In the template app, the code for actually writing to the realm and retrieving/deleting from the realm is enclosed in TaskManager.ts, which is called in the AppNonSync.ts file.

return <TaskManager tasks={tasks} />;

However, I followed a different approach after playing around with the code. After creating the Movie object model, I installed various dependencies for navigation and gesture handling.

npm install react-navigation react-native-gesture-handler react-native-safe-area-context @react-native-community/masked-view react-native-screens react-native-reanimated react-navigation-stack react-navigation/native-stack

Since I want to use React Native Navigation with Realm in my project, I created a RootStackParams.ts file to hold the navigation screen names.

Here’s what my RootStackParams.ts file looks like:

export type RootStackParamList = {
    MainScreen: undefined;
    HomeScreen: undefined;
    NewAddMovieScreen: undefined;
    TestUpdateScreen: undefined;
    UpdateMovieScreen: undefined;

I called these in my App.tsx, the entry point of my project, and I have wrapped my main component between <RealmProvider> tags so that all child components will get access to Realm’s inbuilt Hooks. Observe the lines in our App.tsx file that are in bold below:

import React from 'react';
import {NavigationContainer} from '@react-navigation/native';
import {createStackNavigator} from '@react-navigation/stack';
import 'react-native-gesture-handler';
import {RootStackParamList} from './RootStackParams';
import HomeScreen from './screens/HomeScreen';
import NewAddMovieScreen from './screens/NewAddMovie';
import ViewMovieScreen from './screens/ViewMovieScreen';
import { MovieRealmContext } from './models';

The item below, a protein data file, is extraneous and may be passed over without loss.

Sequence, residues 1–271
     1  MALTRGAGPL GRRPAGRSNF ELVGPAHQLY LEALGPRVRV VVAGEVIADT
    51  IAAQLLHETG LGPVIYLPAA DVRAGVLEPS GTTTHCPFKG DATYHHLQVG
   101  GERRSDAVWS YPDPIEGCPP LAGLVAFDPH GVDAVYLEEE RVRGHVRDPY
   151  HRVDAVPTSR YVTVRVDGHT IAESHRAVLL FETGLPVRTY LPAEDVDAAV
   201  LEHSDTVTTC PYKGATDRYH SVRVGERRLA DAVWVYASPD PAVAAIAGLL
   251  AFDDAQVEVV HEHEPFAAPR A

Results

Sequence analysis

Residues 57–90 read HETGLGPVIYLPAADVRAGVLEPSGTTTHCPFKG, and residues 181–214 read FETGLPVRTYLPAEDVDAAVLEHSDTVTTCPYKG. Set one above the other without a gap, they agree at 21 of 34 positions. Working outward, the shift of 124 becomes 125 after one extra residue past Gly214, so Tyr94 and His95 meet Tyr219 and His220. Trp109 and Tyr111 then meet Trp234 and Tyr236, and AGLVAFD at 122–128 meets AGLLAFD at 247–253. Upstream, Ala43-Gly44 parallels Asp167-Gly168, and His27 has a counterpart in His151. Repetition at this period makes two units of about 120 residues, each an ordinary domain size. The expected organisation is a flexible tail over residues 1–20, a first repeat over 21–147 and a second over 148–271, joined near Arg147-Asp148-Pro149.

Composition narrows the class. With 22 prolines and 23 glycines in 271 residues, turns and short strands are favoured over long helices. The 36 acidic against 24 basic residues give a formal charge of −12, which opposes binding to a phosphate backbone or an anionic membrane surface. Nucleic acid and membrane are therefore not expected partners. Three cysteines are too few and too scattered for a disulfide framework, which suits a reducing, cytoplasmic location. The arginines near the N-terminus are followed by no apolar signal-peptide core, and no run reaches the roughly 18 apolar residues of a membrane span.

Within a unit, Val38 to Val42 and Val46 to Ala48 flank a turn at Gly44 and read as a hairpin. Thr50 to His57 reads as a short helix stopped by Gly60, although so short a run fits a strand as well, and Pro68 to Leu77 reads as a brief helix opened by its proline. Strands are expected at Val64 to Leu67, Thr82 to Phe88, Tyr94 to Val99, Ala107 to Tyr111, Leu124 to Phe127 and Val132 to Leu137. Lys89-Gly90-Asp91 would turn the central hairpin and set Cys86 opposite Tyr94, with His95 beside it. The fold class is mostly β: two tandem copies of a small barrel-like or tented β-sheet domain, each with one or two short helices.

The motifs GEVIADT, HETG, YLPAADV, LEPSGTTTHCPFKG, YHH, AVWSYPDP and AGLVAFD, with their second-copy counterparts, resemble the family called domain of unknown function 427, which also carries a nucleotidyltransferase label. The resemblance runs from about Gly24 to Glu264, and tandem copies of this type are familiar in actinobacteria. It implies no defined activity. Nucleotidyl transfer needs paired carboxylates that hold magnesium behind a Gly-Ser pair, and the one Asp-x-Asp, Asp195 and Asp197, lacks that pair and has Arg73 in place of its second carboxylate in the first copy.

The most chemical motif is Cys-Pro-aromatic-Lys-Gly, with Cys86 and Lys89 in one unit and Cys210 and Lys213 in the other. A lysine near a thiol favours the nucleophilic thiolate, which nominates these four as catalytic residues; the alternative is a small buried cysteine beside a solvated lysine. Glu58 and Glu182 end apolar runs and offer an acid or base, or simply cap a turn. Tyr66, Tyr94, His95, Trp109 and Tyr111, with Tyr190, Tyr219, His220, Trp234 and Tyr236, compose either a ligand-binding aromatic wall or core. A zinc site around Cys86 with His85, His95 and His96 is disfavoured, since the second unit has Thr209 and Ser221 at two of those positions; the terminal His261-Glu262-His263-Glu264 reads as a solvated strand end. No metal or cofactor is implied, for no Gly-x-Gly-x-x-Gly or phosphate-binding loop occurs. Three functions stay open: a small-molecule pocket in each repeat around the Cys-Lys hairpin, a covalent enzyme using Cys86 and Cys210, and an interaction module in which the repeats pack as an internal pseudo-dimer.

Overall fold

import DeleteMovieScreen from './screens/DeleteMovieScreen';
const Stack = createStackNavigator<RootStackParamList>();

export default function App() {  
  const {RealmProvider} = MovieRealmContext;    
  return (
      <Stack.Screen name="HomeScreen" component={HomeScreen} />
      <Stack.Screen name="NewAddMovieScreen" component={NewAddMovieScreen}/>          
      <Stack.Screen name="ViewMovieScreen" component={ViewMovieScreen} />
      <Stack.Screen name="DeleteMovieScreen" component={DeleteMovieScreen} />  

Writing add operations in Realm

Within HomeScreen, I configured the UI so it would take us to different screens as we perform CRUD operations.

In AddMovieScreen.tsx below, I reused some of the code present throughout various files in the template application, mostly AddTaskForm.tsx and TaskManager.tsx, to create a single screen that would perform the add operation.

import { View, StyleSheet, ScrollView, KeyboardAvoidingView, TextInput, Text, Pressable, Platform } from 'react-native';
import { StackNavigationProp } from '@react-navigation/stack';
import { RootStackParamList } from '../RootStackParams';
import { Movie } from '../models/Movie';
import colors from '../styles/colors';
import { shadows } from '../styles/shadows';
import { buttonStyles } from '../styles/button';
import { useNavigation } from '@react-navigation/native';
import { MovieRealmContext } from '../models';
import React, { useState, useCallback } from 'react';

type addScreenProp = StackNavigationProp<RootStackParamList, 'NewAddMovieScreen'>;
const { useRealm } = MovieRealmContext;

const AddMovieScreen = () => {
  const realm = useRealm();
  const handleAddMovie = useCallback(
    (description: string, title: string, releaseyear: number, userId: string): void => {
      if (!description) {
      realm.write(() => {
        return new Movie(realm, description, title, releaseyear, userId);

  return (
    <View style={styles.content}>
      {<AddMovieForm onSubmit={handleAddMovie} />}
type AddMovieFormProps = {
  onSubmit: (description: string, title: string, releaseyear: number, userId: string) => void;

export const AddMovieForm: React.FC<AddMovieFormProps> = ({ onSubmit }) => {
  const [description, setDescription] = useState('');
  const [title, setTitle] = useState('');
  const [releaseyear, setYear] = useState('');
  const [userId] = useState('');
  const navigation = useNavigation<addScreenProp>();

  const convertdate = (textyear: string) => {
    var dt = new Date(textyear);
    return dt.getFullYear();
  const handleSubmit = () => {
    onSubmit(description, title,     
    convertdate(releaseyear), userId);

  return (
    <View style={styles.listContainer}>
      <ScrollView keyboardShouldPersistTaps="handled" >
          style={{ flex: 1, justifyContent: 'space-
between' }}>
            placeholder="Enter new movie title"
            placeholder="Enter new movie description"
            placeholder="Enter new movie year"

          <View >
            <Pressable onPress={handleSubmit} 
          <Pressable style={styles.button} onPress={() 
=> navigation.navigate('HomeScreen')}>